Artificial Intelligence Tracks In Real Time Everybody In The Crowd

Artificial Intelligence that can pick you out in a crowd and then track your every move. Japanese firm Hitachi‘s new imaging system locks on to at least 100 different characteristics of an individual … including gender, age, hair style, clothes, and mannerisms. Hitachi says it provides real-time tracking and monitoring of crowded areas.

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Until now, we need a lot of security guards and people to review security camera footage. We developed this AI software in the hopes it would help them do just that,” says Tomokazu Murakami, Hitachi researcher.

The system can help spot a suspicious individual or find a missing child, the makers say. So, an eyewitness could provide a limited description, with the AI software quickly scanning its database for a match.
In Japan, the demand for such technology is increasing because of the Tokyo 2020 Olympics, but for us we’re developing it in a way so that it can be utilized in many different places such as train stations, stadiums, and even shopping malls,” comments Tomokazu Murakami.

High-speed tracking of individuals such as this will undoubtedly have its critics. But as Japan prepares to host the 2020 Olympics, Hitachi insists its system can contribute to public safety and security.

Source: http://uk.reuters.com/

Yahoo secretly scanned emails for U.S. intelligence

In compliance with a classified U.S. government demand, Yahoo scanned hundreds of millions e-mails for specific information, sources familiar with the matter told Reuters. Sources who did not want to be identified say that would have meant a specific phrase in an e-mail or attachment. Some surveillance experts say this is the first such major case to surface of an Internet company agreeing to an intelligence request by searching all arriving messages. The content of the information intelligence officers were looking for is not known. Reuters was unable to determine what data, if any, Yahoo may have handed over.

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A day after the Reuters report broke, Yahoo issued a statement denying the story. The statement from a Yahoo spokesperson and sent to TechRadar reads, “The [Reuters] article is misleading. We narrowly interpret every government request for user data to minimize disclosure. The mail scanning described in the article does not exist on our systems.”

It’s interesting to note that the statement says the Reuters report is “misleading” and not unequivocally false. There may be some truth to the original story, but Yahoo is not saying which parts are accurate.

However, Yahoo does deny the existence of the email scanning tool that anonymous sources revealed to Reuters. It’s unknown why Yahoo originally provided us with a statement that read, “Yahoo is a law abiding company, and complies with the laws of the United States,” only to follow up with a denial 12 hours later with the statement above.

Yahoo built custom software for the US government to help its spy agencies look for specific information in any of its users’ emails, according to a new report.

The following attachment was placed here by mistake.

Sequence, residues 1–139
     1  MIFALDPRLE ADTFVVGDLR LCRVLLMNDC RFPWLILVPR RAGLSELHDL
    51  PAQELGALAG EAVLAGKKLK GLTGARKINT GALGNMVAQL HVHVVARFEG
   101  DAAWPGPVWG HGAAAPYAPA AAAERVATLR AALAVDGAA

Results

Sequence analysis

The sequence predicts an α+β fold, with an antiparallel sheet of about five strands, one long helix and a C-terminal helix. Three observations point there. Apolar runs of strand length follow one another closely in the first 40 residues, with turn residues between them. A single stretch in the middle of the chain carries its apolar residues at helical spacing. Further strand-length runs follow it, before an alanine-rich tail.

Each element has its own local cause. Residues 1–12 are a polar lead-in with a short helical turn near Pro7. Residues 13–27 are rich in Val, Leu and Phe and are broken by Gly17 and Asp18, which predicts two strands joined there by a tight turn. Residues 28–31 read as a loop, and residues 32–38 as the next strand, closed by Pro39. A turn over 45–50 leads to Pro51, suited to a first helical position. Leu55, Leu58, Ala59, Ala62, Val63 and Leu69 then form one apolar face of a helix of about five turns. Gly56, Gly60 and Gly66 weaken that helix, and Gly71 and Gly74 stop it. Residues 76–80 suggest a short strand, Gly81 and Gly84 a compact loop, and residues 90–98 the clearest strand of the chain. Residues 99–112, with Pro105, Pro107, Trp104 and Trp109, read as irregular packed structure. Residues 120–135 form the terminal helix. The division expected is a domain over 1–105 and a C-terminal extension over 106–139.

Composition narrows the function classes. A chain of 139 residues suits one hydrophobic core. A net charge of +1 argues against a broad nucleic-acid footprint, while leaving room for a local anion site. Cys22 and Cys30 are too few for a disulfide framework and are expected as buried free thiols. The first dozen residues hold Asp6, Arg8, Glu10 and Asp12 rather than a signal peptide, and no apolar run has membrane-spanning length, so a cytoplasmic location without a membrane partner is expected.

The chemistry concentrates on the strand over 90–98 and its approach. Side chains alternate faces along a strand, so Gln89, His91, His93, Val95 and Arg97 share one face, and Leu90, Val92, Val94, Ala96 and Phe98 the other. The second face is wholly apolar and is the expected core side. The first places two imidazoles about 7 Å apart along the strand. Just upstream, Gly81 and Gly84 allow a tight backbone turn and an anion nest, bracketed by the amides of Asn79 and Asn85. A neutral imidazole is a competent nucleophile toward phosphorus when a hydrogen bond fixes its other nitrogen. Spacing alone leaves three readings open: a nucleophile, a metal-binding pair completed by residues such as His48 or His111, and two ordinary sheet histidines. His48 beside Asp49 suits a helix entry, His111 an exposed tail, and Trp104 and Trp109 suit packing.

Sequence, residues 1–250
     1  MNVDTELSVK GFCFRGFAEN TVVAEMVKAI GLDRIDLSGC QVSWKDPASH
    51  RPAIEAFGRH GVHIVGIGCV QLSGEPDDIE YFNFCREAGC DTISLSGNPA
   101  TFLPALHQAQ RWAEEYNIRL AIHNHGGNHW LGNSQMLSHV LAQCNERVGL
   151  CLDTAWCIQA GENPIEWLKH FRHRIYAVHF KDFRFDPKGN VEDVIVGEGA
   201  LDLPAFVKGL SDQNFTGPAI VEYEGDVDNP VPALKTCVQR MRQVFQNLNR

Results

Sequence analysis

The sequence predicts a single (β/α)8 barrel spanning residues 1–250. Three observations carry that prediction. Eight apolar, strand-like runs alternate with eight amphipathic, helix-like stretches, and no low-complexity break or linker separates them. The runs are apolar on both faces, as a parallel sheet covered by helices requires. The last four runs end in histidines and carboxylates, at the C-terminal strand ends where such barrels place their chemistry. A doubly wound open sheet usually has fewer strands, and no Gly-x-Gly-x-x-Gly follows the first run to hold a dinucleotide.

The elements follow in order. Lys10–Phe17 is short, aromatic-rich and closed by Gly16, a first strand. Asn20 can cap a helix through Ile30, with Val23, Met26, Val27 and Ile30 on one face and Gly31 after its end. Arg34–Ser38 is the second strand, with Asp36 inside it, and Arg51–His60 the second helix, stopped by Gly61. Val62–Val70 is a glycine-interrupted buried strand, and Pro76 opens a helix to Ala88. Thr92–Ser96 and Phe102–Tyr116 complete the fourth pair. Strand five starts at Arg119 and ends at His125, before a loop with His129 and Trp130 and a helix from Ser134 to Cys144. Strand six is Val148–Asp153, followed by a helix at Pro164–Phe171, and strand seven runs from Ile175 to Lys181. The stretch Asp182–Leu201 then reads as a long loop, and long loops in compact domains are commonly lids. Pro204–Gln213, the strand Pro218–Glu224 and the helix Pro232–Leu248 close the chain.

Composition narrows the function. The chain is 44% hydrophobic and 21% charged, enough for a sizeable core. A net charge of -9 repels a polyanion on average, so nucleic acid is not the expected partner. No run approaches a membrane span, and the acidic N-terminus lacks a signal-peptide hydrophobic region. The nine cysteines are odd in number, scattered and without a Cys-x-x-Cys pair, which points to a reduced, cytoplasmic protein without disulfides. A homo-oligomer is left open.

Reuters claims Yahoo built the program last year at the behest of the National Security Agency (NSA) and Federal Bureau of Investigations (FBI). The publication learned about the company’s alleged actions through interviews with two anonymous former Yahoo employees and another anonymous source familiar with the matter.

While technically legal according to the Foreign Intelligence Surveillance Act  (FISA), Yahoo‘s move to allow real-time mass surveillance of its users is unprecedented. It’s also unknown what exactly the NSA and FBI were looking for.

Source: http://www.reuters.com/

Super Smart Keyboard Replaces Passwords

By analyzing such parameters as the force applied by key presses and the time interval between them, a new self-powered non-mechanical intelligent keyboard could provide a stronger layer of security for computer users. Designed by the Professor Zhong Lin Wang and his team from Georgia Tech, the self-powered device generates electricity when a user’s fingertips contact the multi-layer plastic materials that make up the device.

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By analyzing such parameters as the force applied by key presses and the time interval between them, a new self-powered non-mechanical intelligent keyboard could provide a stronger layer of security for computer users
“This intelligent keyboard changes the traditional way in which a keyboard is used for information input,” said Zhong Lin Wang, a Regents professor in the School of Materials Science and Engineering at the Georgia Institute of Technology. “Every punch of the keys produces a complex electrical signal that can be recorded and analyzed.

Conventional keyboards record when a keystroke makes a mechanical contact, indicating the press of a specific key. The intelligent keyboard records each letter touched, but also captures information about the amount of force applied to the key and the length of time between one keystroke and the next. Such typing style is unique to individuals, and so could provide a new biometric for securing computers from unauthorized use.

Source: http://www.news.gatech.edu/
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http://www.acs.org/